Press "Enter" to skip to content

Gladstone Researchers Gain New Understandings Into The Aging Brain

The protein klotho has been revealed to support longevity and counter aging-related impairments. Peculiarly, within the brain, choroid plexus encloses vastly high klotho levels compared to all the others.

Researchers at the Gladstone Institutes, directed by Lennart Mucke, MD, settled to probe why the choroid plexus holds so much more klotho compared to other regions in the brain. In a new research, they demonstrated that klotho works as a gatekeeper that protects the brain against the peripheral immune system.

In mouse models, the researchers said that they found that levels of klotho in the choroid plexus reduce naturally with age. They then imitated this aging process by decreasing klotho levels experimentally in this structure, and discovered that reducing this molecule augments brain inflammation.”

Further, the researchers examined the influence of this phenomenon on other areas in the brain. They found that in an animal model with less klotho within the choroid plexus, the innate immune cells within a significant memory center responded more assertively when other body parts were rendered to immune challenges that imitate infections.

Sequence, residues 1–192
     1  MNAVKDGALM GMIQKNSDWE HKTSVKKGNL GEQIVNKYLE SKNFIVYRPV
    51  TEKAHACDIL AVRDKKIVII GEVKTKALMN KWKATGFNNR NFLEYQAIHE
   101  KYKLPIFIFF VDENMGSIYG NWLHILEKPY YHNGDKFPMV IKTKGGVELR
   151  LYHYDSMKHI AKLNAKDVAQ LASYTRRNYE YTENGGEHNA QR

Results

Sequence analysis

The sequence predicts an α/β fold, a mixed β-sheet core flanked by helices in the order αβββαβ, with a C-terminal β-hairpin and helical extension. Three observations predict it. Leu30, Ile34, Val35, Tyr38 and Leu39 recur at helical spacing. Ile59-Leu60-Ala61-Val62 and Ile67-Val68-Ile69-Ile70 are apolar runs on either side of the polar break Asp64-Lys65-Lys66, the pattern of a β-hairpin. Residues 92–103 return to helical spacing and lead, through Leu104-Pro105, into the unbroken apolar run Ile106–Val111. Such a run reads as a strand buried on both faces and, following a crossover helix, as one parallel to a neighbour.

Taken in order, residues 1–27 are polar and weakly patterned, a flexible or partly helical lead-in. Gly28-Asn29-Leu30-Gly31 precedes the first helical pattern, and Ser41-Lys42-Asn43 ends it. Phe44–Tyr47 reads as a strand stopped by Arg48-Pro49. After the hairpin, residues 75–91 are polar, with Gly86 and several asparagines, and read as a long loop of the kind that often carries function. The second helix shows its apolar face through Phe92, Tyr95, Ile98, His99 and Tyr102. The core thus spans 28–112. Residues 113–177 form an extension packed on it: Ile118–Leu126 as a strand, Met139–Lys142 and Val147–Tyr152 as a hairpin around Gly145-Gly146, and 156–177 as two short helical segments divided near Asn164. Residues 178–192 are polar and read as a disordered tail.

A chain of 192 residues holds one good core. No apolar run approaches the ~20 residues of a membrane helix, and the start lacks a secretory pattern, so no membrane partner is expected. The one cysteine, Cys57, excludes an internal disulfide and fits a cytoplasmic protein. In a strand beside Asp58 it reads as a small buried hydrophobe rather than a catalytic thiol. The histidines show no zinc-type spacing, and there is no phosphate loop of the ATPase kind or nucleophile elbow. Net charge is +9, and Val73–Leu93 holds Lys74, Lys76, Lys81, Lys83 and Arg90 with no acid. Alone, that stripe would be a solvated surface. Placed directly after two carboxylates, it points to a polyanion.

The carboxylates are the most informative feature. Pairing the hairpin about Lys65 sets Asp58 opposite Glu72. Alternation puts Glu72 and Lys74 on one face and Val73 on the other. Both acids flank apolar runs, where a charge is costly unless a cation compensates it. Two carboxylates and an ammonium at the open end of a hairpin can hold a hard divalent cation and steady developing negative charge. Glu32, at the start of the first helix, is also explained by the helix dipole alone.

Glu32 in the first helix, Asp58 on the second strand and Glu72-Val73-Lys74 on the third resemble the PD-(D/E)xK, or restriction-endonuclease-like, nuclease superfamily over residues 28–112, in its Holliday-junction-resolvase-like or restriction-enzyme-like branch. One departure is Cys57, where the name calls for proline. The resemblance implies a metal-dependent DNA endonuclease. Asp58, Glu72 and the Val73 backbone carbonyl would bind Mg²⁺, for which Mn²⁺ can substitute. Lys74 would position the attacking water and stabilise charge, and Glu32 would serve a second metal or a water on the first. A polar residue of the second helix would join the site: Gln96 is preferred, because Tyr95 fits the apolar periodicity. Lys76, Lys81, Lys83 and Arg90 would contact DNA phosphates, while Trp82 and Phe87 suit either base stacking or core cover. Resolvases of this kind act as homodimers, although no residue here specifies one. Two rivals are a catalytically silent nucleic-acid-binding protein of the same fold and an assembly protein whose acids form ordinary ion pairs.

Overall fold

The researchers state that the barrier between the immune system and brain appears to collapse with low klotho levels. Further, the results specify that klotho assists in keeping that barrier sealed. When this molecule’s levels are reduced within the choroid plexus, the fence becomes more permeable and facilitates inflammatory molecules and immune cells enter within more easily.”

Likewise, another recent study proposes that an immune reaction within the brains of strained mothers might assist in explaining postnatal depression cases. New proof from animal studies has related postnatal depression to inflammation in brain’s mood-regulating regions.

Researchers consider the findings can assist them to resolve the obscurity of the distressing condition that is still poorly comprehended. The study concentrated on the medial prefrontal cortex, the brain’s mood-regulating area earlier shown to be associated with postnatal depression.